Movie Videos & Movie Scenes at MOVIECLIPS.com


6. Shrek Forever After
MRQE Metric: 64
Because another Shrek film is exactly what the world needed. This time, Shrek is cast into a strange alternate version of his storyland home, and must team up with his supporting cast (who don't recognize him thanks to the spell) in order to restore the status quo. If you've seen one Shrek film, you've seen them all, and Shrek Forever After was no different. Fart jokes, tired pop culture gags from three years ago, cheesy pop songs--this one has it all. Whether you want it at all is something else entirely.

Movie Videos & Movie Scenes at MOVIECLIPS.com


5. Megamind
MRQE Metric: 67
With the voice acting of Will Ferrell, Tiny Fey, and Brad Pitt, Megamind brings its A-game to this superhero comedy. The titular archvillain, distinguishable by his giant blue head (the better to store his genius brains in, my dear), manages to defeat the Superman-like hero Metro Man early in the movie. Instead of wallowing in his victory, Megamind instead starts finds himself in an existential funk–what else is there for him to do, after all, now that he's taken out the world's greatest hero? A plan to create a better hero to fight and a surprise romance with Metro Man's girlfriend prove to be enough complications for one film.

Movie Videos & Movie Scenes at MOVIECLIPS.com


4. Despicable Me
MRQE Metric: 70
The second film on the list with a supervillain as protagonist, Despicable Me came out first and foremost. Steve Carell plays Gru, an ogre-like fiend who longs to steal the moon. A wrench is thrown in his plans, however, in the form of three little orphan girls who follow him home. Gru at first tries to abandon them at every opportunity, but soon they begin to form a strange little family. This is definitely the sweeter movie of the two, though Despicable Me doesn't skimp on silly shenanigans, either.

Movie Videos & Movie Scenes at MOVIECLIPS.com


3. IMAX: Hubble 3-D
MRQE Metric: 75
Never heard of this one? You're not alone. This was a special release only for participating IMAX theaters and museums. This eye-popping documentary gives audiences a front row look at the wonders of space, delivered through the eyes of several special IMAX cameras that were brought up on space shuttle missions. While this description makes Hubble 3-D sound like one big NASA commercial, there's nothing more fantastic than the truth in this showcase of the cosmos. All the special effects in this baby are one hundred percent real: talk about a big bang for your buck.

Movie Videos & Movie Scenes at MOVIECLIPS.com


2. How to Train Your Dragon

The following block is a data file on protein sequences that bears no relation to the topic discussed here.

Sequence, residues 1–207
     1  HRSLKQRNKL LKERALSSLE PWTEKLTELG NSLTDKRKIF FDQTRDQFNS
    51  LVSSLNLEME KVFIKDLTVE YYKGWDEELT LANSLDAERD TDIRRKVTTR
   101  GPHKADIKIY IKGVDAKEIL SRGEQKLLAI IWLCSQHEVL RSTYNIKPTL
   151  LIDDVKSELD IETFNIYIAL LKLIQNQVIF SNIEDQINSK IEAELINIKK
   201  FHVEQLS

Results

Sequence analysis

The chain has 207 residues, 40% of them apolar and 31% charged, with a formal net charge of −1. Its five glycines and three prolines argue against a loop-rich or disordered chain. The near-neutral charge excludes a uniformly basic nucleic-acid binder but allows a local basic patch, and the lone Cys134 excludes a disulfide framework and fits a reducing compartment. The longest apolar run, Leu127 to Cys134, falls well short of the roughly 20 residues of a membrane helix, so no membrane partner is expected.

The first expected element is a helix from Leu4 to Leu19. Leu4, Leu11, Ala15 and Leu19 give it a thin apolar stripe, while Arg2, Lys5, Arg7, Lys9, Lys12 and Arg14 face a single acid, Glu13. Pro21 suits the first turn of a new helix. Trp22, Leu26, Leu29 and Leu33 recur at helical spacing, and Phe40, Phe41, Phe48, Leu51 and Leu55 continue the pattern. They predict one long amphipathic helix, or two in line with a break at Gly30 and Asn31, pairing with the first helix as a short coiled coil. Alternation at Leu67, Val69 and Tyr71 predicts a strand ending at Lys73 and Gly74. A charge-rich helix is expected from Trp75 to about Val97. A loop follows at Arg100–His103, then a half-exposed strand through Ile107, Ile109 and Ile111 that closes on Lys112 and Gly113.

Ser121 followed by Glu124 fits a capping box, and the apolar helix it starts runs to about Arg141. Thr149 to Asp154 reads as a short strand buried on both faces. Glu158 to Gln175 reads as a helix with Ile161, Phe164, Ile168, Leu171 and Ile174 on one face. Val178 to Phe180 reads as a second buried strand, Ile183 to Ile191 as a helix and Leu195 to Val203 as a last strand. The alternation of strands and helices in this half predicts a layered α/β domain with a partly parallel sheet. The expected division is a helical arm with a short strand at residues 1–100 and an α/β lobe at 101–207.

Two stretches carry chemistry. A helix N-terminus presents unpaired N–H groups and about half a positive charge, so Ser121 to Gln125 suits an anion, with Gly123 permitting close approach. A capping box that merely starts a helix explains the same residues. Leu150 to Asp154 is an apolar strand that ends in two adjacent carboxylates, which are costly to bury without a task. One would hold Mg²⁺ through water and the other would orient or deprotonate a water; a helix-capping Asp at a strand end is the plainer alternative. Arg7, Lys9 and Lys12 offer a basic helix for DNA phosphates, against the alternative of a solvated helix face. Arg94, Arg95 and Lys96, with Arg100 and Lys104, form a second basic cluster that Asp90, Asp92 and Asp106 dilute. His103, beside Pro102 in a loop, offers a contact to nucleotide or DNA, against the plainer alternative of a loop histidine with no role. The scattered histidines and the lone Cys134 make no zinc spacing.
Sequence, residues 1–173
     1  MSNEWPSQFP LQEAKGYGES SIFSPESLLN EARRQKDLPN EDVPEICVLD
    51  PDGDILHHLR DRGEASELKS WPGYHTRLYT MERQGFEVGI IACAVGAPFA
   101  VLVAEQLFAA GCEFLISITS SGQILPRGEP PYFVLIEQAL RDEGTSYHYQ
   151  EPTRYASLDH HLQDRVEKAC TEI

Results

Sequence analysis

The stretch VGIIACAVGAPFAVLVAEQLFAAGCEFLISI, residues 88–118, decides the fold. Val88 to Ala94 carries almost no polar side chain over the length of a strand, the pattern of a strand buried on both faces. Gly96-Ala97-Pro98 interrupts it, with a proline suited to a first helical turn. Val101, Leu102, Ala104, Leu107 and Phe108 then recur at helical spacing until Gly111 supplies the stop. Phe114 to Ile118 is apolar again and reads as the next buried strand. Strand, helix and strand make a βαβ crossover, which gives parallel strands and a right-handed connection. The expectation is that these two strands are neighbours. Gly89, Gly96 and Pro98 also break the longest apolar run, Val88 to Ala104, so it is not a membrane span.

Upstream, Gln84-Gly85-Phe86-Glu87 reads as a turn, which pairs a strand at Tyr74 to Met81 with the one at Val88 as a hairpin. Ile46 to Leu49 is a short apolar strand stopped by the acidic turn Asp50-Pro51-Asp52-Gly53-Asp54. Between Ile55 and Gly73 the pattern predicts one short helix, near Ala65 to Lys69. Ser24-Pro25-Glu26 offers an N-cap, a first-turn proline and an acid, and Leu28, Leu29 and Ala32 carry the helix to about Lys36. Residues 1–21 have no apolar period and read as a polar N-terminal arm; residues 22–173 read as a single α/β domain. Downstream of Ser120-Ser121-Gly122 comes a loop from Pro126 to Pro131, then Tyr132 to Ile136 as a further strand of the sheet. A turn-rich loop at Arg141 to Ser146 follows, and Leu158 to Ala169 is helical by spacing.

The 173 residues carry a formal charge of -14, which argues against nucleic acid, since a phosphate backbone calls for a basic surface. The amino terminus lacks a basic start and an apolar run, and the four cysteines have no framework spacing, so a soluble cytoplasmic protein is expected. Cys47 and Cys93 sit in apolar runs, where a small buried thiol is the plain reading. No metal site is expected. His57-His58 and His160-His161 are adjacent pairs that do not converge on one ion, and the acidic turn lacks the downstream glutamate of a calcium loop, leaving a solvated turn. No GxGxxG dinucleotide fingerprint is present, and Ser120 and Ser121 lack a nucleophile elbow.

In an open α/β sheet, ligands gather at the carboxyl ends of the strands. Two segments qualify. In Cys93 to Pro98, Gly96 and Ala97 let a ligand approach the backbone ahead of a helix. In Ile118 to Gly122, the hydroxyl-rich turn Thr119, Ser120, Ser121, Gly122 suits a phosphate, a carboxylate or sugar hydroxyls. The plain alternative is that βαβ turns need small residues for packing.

MRQE Metric: 80
My personal favorite on the list, How to Train Your Dragon is ridiculously cute and smart to boot. An island filled with Viking warriors has been in conflict with treacherous dragons for generations, to the point where even the Viking children are drafted at a young age to fight the menace. When Hiccup, an incompetent pacifist Viking, strikes up an unlikely friendship with Toothless, an injured dragon, neither communities will ever be the same. Sure, the story isn't wholly original, but the movie is delivered with enthusiasm and sophistication. The result is something fun, original, and often breathtaking–the nighttime dragon flights are the sort of thing that modern day 3-D was made for.

Movie Videos & Movie Scenes at MOVIECLIPS.com


1. Toy Story 3
MRQE Metric: 90
The undisputed champion of both the box office and the critics, Toy Story 3 is one of the films of the year, 3-D or not. The 3-D is never used to the detriment of the characters or the story, and story is king in this sharp and sentimental goodbye to the playroom gang. I grew up with the Toy Story movies, and this was the best (and most emotional) sendoff to the series I could have hoped for. And while I'm not going to say that you're heartless if you didn't like this movie . . . you're heartless if you didn't like this movie.

Movie Videos & Movie Scenes at MOVIECLIPS.com



Want more 3-D wonder? Check out our pre-2010 list of the best movies released in 3-D!

Check back here each week till New Year's, as we continue to countdown the best that 2010 had to offer.


November 23, 2010

WTF of the Week: From Swans to Claws

Director Darren Aronofsky is known for arty and critically acclaimed fare such as Requiem For A Dream, The Fountain, and the upcoming and much anticipated Black Swan. So, it's not surprising that Fox Entertainment would want to bring Aronofsky in under their wing for a two-year production contract. He has a pretty good track record come awards season, so it makes sense that Fox would want yet another chance to grab some Oscar glory.

The WTF in this bit of news, then, has to do with the kind of project Fox is attaching Aronofsky to, now that he's in their corner. One would expect something in a similar vein to his previous projects: cerebral and highly stylized psychological profiles. Fox has something a little . . . different in mind. 

Looks like the first film he'll be helming for them is the follow-up to the mediocre spin-off X-Men Origins: Wolverine. The choice of a sequel to the Hugh Jackman film isn't a surprise: comic book movies are still making bank, and the first Wolverine film was moderately profitable. What remains to be seen is whether Aronofsky's particular style will successfully translate to a franchise primarily meant to sell action figures. This isn't the first time a studio's brought in an arthouse director in order to class up their comic book movie (Kenneth Branagh making a Thor movie? I am so there). It's just one of the strangest examples to date.

Source: Deadline

November 22, 2010

Box Office Wrap-Up: We're Still Wild About Harry (Not So Wild About Everything Else)

It's the beginning of the end for Potter & Co.
To the surprise of absolutely no one, the huge winner this weekend was the first part of the epic finale to the long-running Harry Potter film series. Harry Potter and the Deathly Hallows: Part I raked in $130 million this weekend, the highest grossing opening for the film series yet. Harry didn't even have to go 3-D in order to get there, too; while some of the revenue was from IMAX screenings, that was as fancy as it got.